Ginkgetin-induced autophagosome formation is mediated by p62
Disruption of the UBA domain impairs the molecular assembly of p62, consequently disrupting the recognition, sequestration and ingestion of autophagic cargo, leading to malfunction in autophagosome formation . Ginkgetin shows possible binding to the UBA domain of p62 (Figure 4A and Supplementary Figure 3), and the binding affinity was observed when ginkgetin solution was incubated with p62 (Figure 4B and Supplementary Figure 4). The role of p62 in ginkgetin-induced autophagy was further confirmed here by overexpression or knockdown of p62 in cultured A549 and PC9 cells. A cDNA encoding p62 was transfected into the cells, and overexpression of p62 prevented ginkgetin-induced cell death by ~20% both in A549 (Figure 4C) and PC9 cells (Supplementary Figure 5A). In parallel, p62 overexpression suppressed not only the ginkgetin-induced expression of LC3 I/II but also the apoptotic markers cleaved-PARP, cleaved-caspase 3, and cleaved-caspase 7 in A549 cells (Figure 4E). However, the siRNA-induced knockdown of p62 further increased ginkgetin-induced cell death (Figure 4D). The expression levels of LC3 I/II and of the apoptotic markers were also increased in the p62 knockdown cells (Figure 4F).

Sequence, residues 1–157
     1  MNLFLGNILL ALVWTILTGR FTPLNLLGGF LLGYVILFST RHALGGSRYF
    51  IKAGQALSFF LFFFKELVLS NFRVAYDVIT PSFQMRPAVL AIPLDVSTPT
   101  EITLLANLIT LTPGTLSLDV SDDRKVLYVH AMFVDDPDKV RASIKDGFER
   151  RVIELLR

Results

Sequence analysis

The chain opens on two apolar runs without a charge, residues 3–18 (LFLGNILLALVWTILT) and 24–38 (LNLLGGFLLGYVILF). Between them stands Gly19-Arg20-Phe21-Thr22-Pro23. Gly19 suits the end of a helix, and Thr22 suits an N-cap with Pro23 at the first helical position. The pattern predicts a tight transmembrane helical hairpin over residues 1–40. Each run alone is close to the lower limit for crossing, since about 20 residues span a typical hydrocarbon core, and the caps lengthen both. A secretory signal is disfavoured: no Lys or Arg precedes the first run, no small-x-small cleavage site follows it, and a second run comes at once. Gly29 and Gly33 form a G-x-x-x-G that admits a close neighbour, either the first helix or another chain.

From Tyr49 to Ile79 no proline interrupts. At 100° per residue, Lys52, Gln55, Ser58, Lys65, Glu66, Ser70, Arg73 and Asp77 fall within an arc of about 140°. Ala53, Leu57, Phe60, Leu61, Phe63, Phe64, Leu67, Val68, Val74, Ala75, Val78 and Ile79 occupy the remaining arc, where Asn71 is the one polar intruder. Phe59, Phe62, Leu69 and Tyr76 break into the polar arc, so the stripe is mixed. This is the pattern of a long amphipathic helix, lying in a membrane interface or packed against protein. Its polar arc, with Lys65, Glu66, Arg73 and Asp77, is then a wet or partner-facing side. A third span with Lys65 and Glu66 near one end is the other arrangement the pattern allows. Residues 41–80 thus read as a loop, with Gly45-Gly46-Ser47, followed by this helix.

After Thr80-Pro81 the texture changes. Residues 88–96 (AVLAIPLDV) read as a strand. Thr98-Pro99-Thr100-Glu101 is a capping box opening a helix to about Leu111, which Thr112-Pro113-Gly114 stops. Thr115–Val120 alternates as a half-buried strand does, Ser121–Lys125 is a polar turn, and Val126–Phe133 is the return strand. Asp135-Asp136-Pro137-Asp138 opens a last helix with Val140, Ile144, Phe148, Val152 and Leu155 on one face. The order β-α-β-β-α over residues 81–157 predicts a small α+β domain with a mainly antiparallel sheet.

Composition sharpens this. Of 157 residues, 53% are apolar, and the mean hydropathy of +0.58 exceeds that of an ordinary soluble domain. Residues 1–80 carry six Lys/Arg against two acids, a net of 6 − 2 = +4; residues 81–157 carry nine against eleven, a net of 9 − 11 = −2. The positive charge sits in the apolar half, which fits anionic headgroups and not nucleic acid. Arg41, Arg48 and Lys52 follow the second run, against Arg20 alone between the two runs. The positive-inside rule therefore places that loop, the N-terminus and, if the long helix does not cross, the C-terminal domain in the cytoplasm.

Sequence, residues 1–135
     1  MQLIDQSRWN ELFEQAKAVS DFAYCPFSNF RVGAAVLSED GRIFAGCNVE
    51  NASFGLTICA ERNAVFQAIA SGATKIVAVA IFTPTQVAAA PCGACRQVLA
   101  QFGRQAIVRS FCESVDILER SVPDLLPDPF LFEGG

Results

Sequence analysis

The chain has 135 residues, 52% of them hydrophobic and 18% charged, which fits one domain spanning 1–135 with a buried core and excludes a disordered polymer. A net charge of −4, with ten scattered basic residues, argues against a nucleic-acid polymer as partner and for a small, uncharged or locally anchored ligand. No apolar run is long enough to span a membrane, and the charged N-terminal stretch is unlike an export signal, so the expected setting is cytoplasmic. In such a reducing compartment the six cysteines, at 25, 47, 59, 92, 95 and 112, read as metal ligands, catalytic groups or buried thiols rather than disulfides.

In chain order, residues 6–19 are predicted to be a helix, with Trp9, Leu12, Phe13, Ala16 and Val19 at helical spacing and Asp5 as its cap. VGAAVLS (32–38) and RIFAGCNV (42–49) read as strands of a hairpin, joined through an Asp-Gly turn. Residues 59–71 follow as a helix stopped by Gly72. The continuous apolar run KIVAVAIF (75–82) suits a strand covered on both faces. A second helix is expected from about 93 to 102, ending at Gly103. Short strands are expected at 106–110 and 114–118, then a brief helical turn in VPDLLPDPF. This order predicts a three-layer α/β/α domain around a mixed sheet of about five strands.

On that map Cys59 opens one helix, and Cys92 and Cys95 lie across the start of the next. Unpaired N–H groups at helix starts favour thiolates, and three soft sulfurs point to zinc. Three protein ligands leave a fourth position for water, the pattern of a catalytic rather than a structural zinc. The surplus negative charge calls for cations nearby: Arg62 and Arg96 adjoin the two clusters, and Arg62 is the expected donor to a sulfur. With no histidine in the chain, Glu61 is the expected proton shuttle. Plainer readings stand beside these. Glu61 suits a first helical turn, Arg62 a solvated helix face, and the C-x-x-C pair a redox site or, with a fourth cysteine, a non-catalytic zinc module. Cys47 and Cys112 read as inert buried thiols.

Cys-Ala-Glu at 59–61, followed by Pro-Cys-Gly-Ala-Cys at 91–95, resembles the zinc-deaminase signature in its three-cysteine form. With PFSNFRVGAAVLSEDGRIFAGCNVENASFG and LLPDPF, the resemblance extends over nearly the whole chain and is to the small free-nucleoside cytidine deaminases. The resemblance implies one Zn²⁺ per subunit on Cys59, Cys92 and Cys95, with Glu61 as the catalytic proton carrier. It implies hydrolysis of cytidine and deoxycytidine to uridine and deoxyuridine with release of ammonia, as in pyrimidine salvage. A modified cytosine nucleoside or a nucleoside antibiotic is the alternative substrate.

Figure 4: Ginkgetin-induced autophagosome formation is mediated by p62. (A) Docking results for ginkgetin and p62. Crystal structure of p62 UBA domain was obtained from “protein data bank”. File formats were reformatted and refined prior to docking approach utilizing AutoDock tools. AutoDock tools and AutoDock Vina was used for docking ginkgetin into p62. The binding structure was visualized by Pymol. The binding score indicated the binding affinity measured in kcal/mol. Root mean square deviation/lower bound (RMSD/lb) values are calculated relative to the best mode (left pannel) and use only movable heavy atoms. RMSD/lb is defined as follows: RMSD/lb (c1, c2) = max(RMSD'(c1, c2), RMSD'(c2, c1)). The proposed highest binding affinity site was shown. Others were shown in Supplementary Figure 3. (B) LC trace of ginkgetin mixed with (red line) and without p62 (blue part). 500 μL 0.15 μM ginkgetion solution with or without p62 protein were incubated 1h at 4°C. Then solutions were applied to ultrafiltration tubes to retain p62 to ultrafiltration membrane by three times ultrafiltration. Then, tris buffer was applied to ultrafiltration membrane both with or without p62. ACN was applied to precipitation the p62, the supernatant was applied to Ultra-performance liquid chromatography (UPLC) to analysis the amount of ginkgetin. The amount of ginkgetin was much higher in the presence of p62 after ultrafiltration compared with the control that without p62. (C) A549 cells were seeded in 96-well plates (3 ×103 cells/well), allowed to adhere overnight and transfected with pcDNA3 or p62 WT plasmid (100 ng/well) for 4 hours, subsequently treated with ginkgetin for 48 hours. (E) As in (C), the protein levels of p62 (~62 kDa), LC3 I/II (~14 and ~16 kDa), cleaved-PARP (cl-PARP; ~89 kDa), cleaved-caspase 3 (cl-C3; ~17 and ~19 kDa) and 7 (cl-C7; ~20 kDa), ATG3 (~40 kDa), ATG5 (~55 kDa), ATG12 (~55 kDa), ATG7 (~78 kDa), and ATG16L1 (~66 and ~68 kDa), were detected by western blot. Expression of α-tubulin (~55 kDa) served as a control. (D and F) Same as in (C) and (E) except siRNA of p62 was used. Values are in percentage of cell growth, in mean ± SEM, n = 3.